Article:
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See also: Cat, CAT, cât, cãt, and .cat


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A domestic cat


Etymology 1[edit]

From Middle English cat, catte, from Old English catt (male cat), catte (female cat), from Proto-Germanic *kattuz. The Germanic word is generally thought be from Late Latin cattus (domestic cat), from Latin catta (used around 75 AD by Martial),[1] from an Afro-Asiatic language, but every proposed source word has presented problems. Many references refer to "Berber" (Kabyle) kaddîska (wildcat) and "Nubian [script needed] (kadīs)" as possible sources or cognates, but M. Lionel Bender says the Nubian term is a loan from Arabic قِطَّة (qiṭṭa).[2] Jean-Paul Savignac suggests the Latin word is from an Egyptian precursor of Coptic ϣⲁⲩ (šau, tomcat) suffixed with feminine -t,[3] but John Huehnergard says "the source [...] was clearly not Egyptian itself, where no analogous form is attested."[2] Huehnergard opines it is "equally likely that the forms might derive from an ancient Germanic word, imported into Latin and thence to Greek and to Syriac and Arabic".

Related to Scots cat, West Frisian kat, North Frisian kåt and kaat, Dutch kat, Danish kat, Norwegian katt, Swedish katt, Low German Katt and Katte, German Katze, Alemannic German Chatz, Icelandic köttur, Afrikaans kat, French chat, Norman cat, Occitan cat, Aromanian cãtush, Scottish Gaelic cat, Irish cat, Welsh cath, Cornish kath, as well as Ancient Greek κάττα (kátta), Greek γάτα (gáta), and from the same ultimate source Russian кот (kot), Belarusian кот (kot), Polish kot, Kashubian kòt, Lithuanian katė, and more distantly Armenian կատու (katu), Basque katu, Hebrew חתול (khatúl), Arabic قِطَّة (qiṭṭa) .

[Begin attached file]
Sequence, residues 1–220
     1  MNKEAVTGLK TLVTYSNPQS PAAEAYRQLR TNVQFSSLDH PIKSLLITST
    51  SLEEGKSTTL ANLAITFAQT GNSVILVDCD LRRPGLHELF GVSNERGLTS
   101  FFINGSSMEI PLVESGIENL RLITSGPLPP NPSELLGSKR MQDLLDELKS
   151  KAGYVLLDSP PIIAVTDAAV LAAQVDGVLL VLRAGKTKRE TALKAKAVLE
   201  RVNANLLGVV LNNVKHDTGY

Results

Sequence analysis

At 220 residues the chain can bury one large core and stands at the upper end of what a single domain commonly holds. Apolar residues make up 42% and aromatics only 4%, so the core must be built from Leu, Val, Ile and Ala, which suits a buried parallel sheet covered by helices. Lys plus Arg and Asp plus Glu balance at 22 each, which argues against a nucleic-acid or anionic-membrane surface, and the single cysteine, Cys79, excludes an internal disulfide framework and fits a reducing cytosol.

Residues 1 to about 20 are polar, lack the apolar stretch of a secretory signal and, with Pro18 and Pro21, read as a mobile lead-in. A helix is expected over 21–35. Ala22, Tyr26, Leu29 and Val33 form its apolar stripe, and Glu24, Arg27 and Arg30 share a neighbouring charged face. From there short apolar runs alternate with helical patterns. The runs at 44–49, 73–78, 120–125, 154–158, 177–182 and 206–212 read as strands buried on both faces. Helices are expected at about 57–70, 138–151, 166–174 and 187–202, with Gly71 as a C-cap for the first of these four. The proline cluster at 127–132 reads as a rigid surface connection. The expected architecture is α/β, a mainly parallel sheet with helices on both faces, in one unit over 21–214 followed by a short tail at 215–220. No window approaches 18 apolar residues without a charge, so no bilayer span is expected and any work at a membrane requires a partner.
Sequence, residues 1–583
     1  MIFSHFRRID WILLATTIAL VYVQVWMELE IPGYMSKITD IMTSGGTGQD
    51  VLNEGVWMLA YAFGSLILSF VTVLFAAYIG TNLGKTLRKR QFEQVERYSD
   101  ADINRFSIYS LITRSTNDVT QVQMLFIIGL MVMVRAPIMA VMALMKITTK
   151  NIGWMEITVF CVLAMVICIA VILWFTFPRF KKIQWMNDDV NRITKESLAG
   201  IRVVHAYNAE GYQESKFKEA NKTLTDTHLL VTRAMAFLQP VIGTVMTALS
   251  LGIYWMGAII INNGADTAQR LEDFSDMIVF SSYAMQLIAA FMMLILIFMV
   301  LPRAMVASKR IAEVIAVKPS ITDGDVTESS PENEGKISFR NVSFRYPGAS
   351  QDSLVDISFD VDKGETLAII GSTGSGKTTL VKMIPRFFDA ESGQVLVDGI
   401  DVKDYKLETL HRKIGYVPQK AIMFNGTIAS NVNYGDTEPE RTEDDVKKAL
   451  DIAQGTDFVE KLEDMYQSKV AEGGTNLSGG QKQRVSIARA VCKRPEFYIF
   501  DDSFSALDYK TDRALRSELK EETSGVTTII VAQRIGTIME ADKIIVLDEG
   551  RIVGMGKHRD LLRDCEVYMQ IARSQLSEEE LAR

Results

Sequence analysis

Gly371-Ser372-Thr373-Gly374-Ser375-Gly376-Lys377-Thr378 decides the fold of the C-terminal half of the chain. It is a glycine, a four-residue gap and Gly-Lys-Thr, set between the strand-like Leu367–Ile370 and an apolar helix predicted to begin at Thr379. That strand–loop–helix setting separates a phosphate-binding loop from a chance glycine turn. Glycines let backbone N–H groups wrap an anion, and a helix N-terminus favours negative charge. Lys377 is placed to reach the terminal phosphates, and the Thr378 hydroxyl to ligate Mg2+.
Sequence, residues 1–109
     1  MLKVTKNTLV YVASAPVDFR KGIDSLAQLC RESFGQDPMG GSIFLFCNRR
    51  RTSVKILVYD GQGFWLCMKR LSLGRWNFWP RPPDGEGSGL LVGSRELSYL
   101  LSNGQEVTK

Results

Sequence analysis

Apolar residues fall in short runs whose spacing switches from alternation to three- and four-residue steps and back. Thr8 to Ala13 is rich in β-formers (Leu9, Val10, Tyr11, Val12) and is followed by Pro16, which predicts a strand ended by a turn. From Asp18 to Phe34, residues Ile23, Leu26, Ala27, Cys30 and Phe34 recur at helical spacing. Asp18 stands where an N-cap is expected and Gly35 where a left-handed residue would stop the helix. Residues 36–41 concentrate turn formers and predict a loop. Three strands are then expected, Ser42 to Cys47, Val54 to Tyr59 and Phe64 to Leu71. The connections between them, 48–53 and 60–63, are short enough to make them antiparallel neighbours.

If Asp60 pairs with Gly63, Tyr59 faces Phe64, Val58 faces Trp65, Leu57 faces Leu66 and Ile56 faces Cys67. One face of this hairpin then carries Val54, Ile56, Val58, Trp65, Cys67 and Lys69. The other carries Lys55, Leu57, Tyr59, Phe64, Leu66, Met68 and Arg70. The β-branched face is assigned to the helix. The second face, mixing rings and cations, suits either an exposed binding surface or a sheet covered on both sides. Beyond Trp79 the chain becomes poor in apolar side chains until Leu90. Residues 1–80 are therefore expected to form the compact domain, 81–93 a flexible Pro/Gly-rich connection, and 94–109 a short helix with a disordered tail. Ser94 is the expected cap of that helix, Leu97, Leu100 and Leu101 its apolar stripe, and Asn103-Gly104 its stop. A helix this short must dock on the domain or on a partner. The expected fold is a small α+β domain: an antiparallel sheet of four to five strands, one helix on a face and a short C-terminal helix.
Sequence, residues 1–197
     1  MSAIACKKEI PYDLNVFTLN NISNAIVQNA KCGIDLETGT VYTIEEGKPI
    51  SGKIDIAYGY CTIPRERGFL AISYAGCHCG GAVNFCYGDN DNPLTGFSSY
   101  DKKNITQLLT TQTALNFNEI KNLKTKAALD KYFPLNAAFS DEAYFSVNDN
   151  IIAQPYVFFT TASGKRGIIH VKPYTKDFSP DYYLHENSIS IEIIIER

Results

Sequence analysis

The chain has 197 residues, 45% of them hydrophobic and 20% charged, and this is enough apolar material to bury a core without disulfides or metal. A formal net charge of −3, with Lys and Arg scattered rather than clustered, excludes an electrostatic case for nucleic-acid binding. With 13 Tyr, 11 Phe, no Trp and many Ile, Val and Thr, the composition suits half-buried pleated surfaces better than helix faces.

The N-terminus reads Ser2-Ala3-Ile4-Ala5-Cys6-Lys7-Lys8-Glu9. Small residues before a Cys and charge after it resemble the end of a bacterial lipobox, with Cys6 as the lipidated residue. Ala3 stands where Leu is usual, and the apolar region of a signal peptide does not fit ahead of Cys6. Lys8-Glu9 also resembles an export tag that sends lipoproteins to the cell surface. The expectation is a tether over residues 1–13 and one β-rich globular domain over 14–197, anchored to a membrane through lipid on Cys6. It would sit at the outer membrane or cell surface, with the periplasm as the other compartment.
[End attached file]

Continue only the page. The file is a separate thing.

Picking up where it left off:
cat (plural cats)

  1. An animal of the family Felidae:
    • 2011, Karl Kruszelnicki, Brain Food, ISBN 1466828129, page 53:
      Mammals need two genes to make the taste receptor for sugar. Studies in various cats (tigers, cheetahs and domestic cats) showed that one of these genes has mutated and no longer works.
    Synonyms: felid
    1. A domesticated subspecies (Felis silvestris catus) of feline animal, commonly kept as a house pet. [from 8thc.]
      • 1893, Walter Besant, The Ivory Gate, chapter II:
        At twilight in the summer there is never anybody to fear—man, woman, or cat—in the chambers and at that hour the mice come out. They do not eat parchment or foolscap or red tape, but they eat the luncheon crumbs.
      Synonyms: puss, pussy, malkin, kitty, pussy-cat, grimalkin
    2. Any similar animal of the family Felidae, which includes lions, tigers, bobcats, etc.
      • 1977, Peter Hathaway Capstick, Death in the Long Grass: A Big Game Hunter's Adventures in the African Bush, St. Martin's Press, 44.
        I grabbed it and ran over to the lion from behind, the cat still chewing thoughtfully on Silent's arm.
      • 1985 January, George Laycock, "Our American Lion", in Boy Scouts of America, Boy's Life, 28.
        If you should someday round a corner on the hiking trail and come face to face with a mountain lion, you would probably never forget the mighty cat.
      • 2014, Dale Mayer, Rare Find. A Psychic Visions Novel, Valley Publishing.
        She felt privileged to be here, living the experience inside the majestic cat [i.e. a tiger]; privileged to be part of their bond, even for only a few hours.